Brain injury survivor to run marathon: ‘Jonty Evans’ fall made me want to help’

  • Sophie McCormack, who suffered a serious brain injury in an eventing fall in 2015, is running the Paris marathon next year to raise money for the centres which helped with her rehabilitation.

    “A year after I got out of hospital I did the Blenheim Palace Triathlon, to raise money for the two places that helped me. I recorded an awful time as I was still recovering,” Sophie told H&H. “I always had it in the back of my mind that when I was fully recovered I’d do something where I was able to really push myself and raise money for them while in full health.”

    The recent serious brain injury suffered by Irish event rider Jonty Evans, who is still unconscious more than a month after his accident, has acted as a spur for Sophie.

    “Like everyone else, I was horrified by the news of Jonty’s fall and reading about it really affected me as there is a lot of crossover between what happened to me and him,” she explained. “Seeing how horrible it is for his family made me think what it was like for everyone when I was in the same situation, with nothing to report day to day.

    “I feel incredibly lucky to have made the recovery I have. It’s taken a long time and a lot of different people have helped. I still feel indebted to them and I wanted to do something. I feel obligated to raise money to build on the services that helped me, so they can help other people.”

    Sophie’s accident was a rotational fall while competing in the novice at Rockingham in May 2015. She was in an induced coma for a week and suffered a diffuse axonal brain injury, multiple broken bones and post-traumatic stress disorder (PTSD), anxiety and depression.

    After her initial spell in hospital, Sophie spent seven weeks in the Central England Rehabilitation Unit in Leamington, where she went from being bed-bound, unable to speak, talk or eat, to walking out of hospital.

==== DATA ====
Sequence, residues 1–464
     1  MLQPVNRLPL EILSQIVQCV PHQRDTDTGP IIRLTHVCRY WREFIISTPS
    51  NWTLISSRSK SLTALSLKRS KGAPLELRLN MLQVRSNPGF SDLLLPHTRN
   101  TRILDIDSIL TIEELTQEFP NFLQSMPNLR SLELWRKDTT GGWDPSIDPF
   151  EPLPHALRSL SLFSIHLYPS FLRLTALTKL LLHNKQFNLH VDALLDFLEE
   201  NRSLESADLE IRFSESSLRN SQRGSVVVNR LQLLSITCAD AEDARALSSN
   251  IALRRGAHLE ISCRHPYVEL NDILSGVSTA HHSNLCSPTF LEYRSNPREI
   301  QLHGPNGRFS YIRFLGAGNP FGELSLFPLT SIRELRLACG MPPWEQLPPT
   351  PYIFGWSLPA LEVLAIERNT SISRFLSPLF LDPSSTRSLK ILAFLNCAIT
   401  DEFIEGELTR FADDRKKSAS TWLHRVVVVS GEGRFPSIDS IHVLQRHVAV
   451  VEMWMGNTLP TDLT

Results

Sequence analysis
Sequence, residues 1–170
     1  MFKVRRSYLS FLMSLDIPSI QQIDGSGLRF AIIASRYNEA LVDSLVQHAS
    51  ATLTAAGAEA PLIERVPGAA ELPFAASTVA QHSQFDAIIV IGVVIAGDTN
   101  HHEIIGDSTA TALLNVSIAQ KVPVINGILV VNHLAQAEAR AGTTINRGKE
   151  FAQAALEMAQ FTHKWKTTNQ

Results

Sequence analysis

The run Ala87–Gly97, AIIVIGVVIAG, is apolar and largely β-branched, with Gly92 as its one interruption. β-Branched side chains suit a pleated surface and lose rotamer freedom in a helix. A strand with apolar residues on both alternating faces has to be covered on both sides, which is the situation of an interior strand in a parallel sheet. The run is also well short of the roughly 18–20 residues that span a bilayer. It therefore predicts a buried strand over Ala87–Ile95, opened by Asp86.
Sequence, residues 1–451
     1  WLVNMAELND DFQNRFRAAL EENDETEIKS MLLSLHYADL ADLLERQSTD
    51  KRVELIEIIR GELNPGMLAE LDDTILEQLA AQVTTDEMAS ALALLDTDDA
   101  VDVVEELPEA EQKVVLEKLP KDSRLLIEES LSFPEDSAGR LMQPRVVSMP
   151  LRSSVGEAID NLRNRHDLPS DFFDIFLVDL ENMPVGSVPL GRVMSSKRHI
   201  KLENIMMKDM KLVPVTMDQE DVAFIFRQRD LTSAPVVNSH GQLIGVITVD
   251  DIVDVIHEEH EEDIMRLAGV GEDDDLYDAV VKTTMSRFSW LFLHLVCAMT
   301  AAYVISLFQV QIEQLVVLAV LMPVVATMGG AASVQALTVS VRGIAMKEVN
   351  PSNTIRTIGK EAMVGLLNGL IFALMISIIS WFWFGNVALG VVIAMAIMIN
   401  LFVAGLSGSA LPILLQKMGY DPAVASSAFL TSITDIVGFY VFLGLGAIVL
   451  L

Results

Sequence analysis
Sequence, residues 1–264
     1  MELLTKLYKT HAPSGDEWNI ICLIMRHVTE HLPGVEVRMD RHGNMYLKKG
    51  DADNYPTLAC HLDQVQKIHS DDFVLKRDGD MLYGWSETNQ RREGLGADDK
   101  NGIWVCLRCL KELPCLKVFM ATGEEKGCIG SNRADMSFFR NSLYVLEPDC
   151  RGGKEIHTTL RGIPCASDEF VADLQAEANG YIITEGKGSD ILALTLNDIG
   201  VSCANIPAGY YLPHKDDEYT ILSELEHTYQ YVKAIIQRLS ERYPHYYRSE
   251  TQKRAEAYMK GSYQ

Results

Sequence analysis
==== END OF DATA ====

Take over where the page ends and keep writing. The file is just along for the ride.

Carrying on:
The other centre Sophie is raising money for is the Injured Jockeys Fund’s Oaksey House, where she regained her coordination, strength and stamina, so she could return to sport after her injury.

    Sophie, 23, has just finished her final year at Exeter University, where she was studying history and politics. She has now applied for the strategy and security services masters at the same university.

    “I joined the triathlon club as a way to get my fitness up to scratch and I’ve run a couple of half marathons, at the end of which I’ve thought you have to be an absolute idiot to run a marathon,” she admitted. “But then I thought I’m probably the fittest I’ve ever been, so why not? I googled ‘flat marathons’ and Paris came up. I’ve never been to Paris or done a marathon.”

    Sophie will be aiming to run the marathon, on 14 April 2019, in less than four hours and she hopes to raise £2,000 in total so that the Central England Rehabilitation Unit and Oaksey House each receive £1,000.

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    Sophie’s horse As You Like It IV (“Pete”) was put down as a result of the injuries he suffered in the fall and while she evented again last year, she says she is not planning to do so again this year.

    “Riding is a huge part of me, but I’m leaving it alone for now,” she said. “I’ve proved to myself and everyone that I am fine as everyone said I must be petrified, but I have no memory of the accident so I’m not scared. But now I’d rather wait and do it on my terms — everything that happened was not on my terms, I’ve struggled with PTSD and I never really think about my accident or eventing.

    “It does made me quite sad still and whenever I sat on any horse I always likened it to Pete. Because I have no memory of losing him, I have a lot to contend with, so I’d rather wait until I really want to do it and it’ll be happy rather than sad.

    “It’s been nice being able to take up a sport that’s filled the void that eventing has left — running is very competitive, you’re pushing yourself hard and training crazy hours, so I’ve found some overlap with eventing and found it really helpful.”

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